December 1, 2007 | David F. Coppedge

Flowering Plants Do Big Bang in Darwin’s Face

There’s a big bang in botany.  The flowering plants, reported Science Daily, “evolved very quickly into five groups.
    The claim is based on the investigation of plant genes by scientists in Florida.  Their work “showed that a stunning diversification of flowering plants they are referring to as the ‘Big Bang’ took place in the comparatively short period of less than 5 million years — and resulted in all five major lineages of flowering plants that exist today.
    In both the fossil record and the genes, the picture is one of abrupt appearance followed by stasis, without any recognizable cause:

“Flowering plants today comprise around 400,000 species,” said Pam Soltis.  “So to think that the burst that give [sic] rise to almost all of these plants occurred in less than 5 million years is pretty amazing — especially when you consider that flowering plants as a group have been around for at least 130 million years.”
   Robert Jansen, professor of integrative biology at The University of Texas at Austin, said the two papers set the stage for all future comparative studies of flowering plants.
    “If you are interested in understanding the evolution of flowering plants, you can’t do that unless you understand their relationships,” he said.
    Botanists predating Darwin have long recognized that flowering plants, which comprise at least 60 percent of all green plant species, diversified abruptly shortly after they appeared.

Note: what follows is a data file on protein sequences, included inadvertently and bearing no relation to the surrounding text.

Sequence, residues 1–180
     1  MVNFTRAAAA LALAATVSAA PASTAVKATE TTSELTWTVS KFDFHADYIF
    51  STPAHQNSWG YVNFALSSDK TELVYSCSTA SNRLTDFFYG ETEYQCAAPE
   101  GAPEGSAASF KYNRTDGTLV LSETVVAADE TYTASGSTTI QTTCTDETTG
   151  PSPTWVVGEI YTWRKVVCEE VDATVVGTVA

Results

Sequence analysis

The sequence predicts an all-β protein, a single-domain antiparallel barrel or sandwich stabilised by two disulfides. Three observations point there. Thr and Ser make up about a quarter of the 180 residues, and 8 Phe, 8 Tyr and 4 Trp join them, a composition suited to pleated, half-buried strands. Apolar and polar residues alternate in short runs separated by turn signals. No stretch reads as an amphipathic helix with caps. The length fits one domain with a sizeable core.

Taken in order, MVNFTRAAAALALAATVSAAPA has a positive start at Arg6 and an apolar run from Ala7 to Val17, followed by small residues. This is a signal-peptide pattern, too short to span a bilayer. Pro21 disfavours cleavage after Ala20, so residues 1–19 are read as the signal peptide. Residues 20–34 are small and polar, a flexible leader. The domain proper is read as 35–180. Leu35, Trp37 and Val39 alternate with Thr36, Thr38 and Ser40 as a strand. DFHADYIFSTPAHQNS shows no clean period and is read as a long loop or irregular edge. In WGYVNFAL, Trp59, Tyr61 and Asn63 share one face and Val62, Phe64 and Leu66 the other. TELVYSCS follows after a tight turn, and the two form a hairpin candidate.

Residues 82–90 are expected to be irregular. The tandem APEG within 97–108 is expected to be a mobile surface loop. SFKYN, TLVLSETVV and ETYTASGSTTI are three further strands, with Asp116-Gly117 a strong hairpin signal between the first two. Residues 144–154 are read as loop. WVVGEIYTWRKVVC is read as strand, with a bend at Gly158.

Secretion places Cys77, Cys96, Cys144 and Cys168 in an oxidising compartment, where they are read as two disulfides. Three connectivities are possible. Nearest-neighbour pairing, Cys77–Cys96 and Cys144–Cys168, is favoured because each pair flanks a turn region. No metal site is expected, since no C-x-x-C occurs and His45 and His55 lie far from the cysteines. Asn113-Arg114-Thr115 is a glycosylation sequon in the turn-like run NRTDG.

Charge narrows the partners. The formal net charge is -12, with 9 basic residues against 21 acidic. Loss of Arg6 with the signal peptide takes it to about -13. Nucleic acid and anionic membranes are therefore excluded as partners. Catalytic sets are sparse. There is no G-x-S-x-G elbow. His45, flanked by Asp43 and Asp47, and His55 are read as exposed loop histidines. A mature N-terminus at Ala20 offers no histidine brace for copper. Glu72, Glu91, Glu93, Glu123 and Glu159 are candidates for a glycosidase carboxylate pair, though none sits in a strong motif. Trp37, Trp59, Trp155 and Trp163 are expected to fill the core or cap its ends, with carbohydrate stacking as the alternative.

“The details, and especially the cause of, this diversification — Darwin’s “abominable mystery” — has been a hot topic in botany ever since.
    “One of the reasons why it’s been hard to understand evolutionary relationships among the major groups of flowering plants is because they diversified over such a short time frame,” Jansen said.

The scientists cross-checked their phylogenetic tree built by comparative genomics against the fossil record, and sure enough, the emergence was rapid.  The cause of this rapid diversification was called “mysterious.”  Twice the article referred to the fact that Darwin called the abrupt appearance of flowering plants an “abominable mystery.”  Two papers from the work were published in the Proceedings of the National Academy of Sciences.

Boring.  Same cop-out for 160 years.  They see creation, and call it evolution.  The only mystery here is why they get away with it.

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